Foote: “The starting point was to get to know each other's position. The focus was to establish what synergies we could create in the process of understanding each other. At first, we had a lot to learn. We knew the mechanics and engineering of the car, but not the racing world. This became clearer little by little as we worked with Nakajima Racing, including getting them to use Information Technology (IT), which is at the heart of TCS’ business. However, we are beginning to see how we can use IT and digital technologies to help the team win. We are happy if the team's performance improves even a little thanks to our support, and find these small contributions very rewarding.”

Nakajima: “Currently, we have several IT engineers dispatched from TCS to do data analysis. This year is the sixth year of TCS’ support and I can see a lot of progress. My concern is whether we are helping generate enough public awareness of their efforts. This is not for us to judge, though. Each engagement may be small, but we just have to keep steadily working toward our goals.”

Satoru Nakajima, TCS NAKAJIMA RACING

Satoru Nakajima, TCS NAKAJIMA RACING

Photo by: Masahide Kamio

The shape of racing is changing. What used to be done using analogue methods is now facilitated by IT and digital. However, it is difficult to see the inner workings of such things.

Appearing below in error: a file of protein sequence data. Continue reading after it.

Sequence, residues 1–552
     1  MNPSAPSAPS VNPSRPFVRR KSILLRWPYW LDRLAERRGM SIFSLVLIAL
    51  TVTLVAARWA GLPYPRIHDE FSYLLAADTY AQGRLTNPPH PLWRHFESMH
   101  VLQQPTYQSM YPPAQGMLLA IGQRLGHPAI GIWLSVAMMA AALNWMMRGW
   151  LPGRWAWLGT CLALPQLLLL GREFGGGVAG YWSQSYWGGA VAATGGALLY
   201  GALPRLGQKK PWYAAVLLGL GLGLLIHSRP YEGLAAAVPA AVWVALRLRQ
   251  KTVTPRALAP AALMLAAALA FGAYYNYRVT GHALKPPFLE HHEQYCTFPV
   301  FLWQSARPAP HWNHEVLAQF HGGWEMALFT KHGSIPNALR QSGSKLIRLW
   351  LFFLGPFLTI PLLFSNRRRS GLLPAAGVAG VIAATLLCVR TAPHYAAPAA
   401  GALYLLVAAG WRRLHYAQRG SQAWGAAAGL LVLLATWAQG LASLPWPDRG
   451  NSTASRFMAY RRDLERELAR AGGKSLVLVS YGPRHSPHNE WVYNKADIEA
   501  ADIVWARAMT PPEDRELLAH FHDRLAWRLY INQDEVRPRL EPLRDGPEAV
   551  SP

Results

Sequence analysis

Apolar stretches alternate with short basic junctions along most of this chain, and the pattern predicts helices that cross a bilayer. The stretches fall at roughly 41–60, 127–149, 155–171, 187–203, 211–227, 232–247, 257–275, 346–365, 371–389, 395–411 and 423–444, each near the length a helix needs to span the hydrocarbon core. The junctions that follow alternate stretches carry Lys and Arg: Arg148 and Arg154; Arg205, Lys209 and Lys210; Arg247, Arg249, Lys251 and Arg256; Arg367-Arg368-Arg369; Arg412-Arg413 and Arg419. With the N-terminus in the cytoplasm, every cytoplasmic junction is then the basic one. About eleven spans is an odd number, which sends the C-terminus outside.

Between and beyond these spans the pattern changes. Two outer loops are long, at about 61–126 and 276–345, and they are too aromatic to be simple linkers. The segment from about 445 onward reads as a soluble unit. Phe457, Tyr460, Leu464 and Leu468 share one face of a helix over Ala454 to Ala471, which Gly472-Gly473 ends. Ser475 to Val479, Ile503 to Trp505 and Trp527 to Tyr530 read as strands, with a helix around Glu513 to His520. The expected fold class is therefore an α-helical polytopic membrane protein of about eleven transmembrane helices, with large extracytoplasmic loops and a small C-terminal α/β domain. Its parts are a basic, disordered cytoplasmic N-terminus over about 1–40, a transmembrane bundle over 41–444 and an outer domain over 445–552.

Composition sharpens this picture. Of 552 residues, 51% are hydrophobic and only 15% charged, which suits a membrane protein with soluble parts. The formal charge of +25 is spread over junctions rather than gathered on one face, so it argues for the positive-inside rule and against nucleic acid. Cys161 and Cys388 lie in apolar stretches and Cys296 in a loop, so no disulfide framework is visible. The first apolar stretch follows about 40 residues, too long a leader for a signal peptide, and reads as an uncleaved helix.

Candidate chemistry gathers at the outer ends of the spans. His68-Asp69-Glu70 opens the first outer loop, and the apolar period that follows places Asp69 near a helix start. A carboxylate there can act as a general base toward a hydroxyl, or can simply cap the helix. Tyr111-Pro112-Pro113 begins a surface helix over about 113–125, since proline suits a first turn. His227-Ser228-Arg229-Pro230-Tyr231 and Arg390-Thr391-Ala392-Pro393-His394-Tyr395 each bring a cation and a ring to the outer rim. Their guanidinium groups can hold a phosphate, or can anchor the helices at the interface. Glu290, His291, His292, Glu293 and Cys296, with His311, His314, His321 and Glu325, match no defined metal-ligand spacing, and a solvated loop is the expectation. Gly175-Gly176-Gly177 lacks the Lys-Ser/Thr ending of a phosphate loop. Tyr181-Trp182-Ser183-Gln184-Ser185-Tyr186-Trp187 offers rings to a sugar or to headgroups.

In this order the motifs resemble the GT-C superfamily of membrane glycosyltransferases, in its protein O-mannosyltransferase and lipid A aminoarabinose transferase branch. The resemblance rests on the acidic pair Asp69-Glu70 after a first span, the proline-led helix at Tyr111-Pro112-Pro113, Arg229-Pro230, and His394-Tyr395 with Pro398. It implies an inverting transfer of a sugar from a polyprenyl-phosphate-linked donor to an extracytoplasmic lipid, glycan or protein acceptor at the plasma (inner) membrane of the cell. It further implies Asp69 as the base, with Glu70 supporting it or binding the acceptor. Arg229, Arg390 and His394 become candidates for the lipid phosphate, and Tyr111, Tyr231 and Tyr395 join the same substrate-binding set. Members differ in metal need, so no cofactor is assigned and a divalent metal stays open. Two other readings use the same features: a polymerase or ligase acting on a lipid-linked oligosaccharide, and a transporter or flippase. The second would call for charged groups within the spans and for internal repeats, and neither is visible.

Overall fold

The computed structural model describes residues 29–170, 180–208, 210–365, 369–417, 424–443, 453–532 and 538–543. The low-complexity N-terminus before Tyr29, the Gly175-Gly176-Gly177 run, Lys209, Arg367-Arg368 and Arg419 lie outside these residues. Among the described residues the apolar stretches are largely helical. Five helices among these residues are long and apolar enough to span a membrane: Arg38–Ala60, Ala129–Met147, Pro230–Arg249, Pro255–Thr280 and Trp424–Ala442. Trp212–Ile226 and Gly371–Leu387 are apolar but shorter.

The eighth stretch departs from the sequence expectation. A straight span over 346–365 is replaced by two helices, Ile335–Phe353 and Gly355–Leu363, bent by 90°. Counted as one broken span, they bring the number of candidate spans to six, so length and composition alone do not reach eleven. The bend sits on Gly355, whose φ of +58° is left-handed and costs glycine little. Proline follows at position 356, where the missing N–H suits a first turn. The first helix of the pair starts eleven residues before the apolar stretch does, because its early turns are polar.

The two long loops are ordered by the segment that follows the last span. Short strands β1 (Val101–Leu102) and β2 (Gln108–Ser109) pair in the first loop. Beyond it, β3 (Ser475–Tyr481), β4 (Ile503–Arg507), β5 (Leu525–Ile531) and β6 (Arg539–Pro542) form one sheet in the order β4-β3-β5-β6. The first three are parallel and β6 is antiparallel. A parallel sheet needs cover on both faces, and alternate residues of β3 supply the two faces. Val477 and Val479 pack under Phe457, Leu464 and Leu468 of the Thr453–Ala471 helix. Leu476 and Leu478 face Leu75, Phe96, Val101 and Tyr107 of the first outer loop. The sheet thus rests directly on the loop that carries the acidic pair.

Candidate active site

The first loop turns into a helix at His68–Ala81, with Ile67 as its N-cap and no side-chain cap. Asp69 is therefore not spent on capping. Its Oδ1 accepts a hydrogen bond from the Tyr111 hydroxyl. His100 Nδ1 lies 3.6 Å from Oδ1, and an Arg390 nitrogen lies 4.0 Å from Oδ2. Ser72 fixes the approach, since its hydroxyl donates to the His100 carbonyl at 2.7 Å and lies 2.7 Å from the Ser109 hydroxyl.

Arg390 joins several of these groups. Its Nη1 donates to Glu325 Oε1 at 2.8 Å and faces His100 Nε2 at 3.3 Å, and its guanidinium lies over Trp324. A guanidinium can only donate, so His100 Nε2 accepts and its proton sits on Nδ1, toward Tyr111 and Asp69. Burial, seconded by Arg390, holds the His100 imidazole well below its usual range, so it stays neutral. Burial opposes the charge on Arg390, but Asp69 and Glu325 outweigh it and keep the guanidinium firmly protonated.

Nakajima: “All in all, racing is a sport, so first of all it has to be inspiring. Team members, TCS employees and, most importantly, motorsport fans must be impressed. Behind each fan’s exclamations of “That’s amazing!” are hours of meticulous effort. We do what we can as a team, and ask TCS to help us where we are out of our depth. I can but hope that our efforts will inspire the fans. I think we are among the best in the Japanese domestic motorsport world in terms of sharing information, and we are extremely fast amplifying through digital media such as SNS.”

Foote: “The marathon culture is deeply rooted in TCS. As mentioned in the second article in this series, a journey into jogging by Natarajan Chandrasekaran, the third CEO of TCS, was the catalyst for a movement that now sees TCS as the title sponsor of major city marathons around the world. The aim is to foster a healthy body and a healthy mind through sport.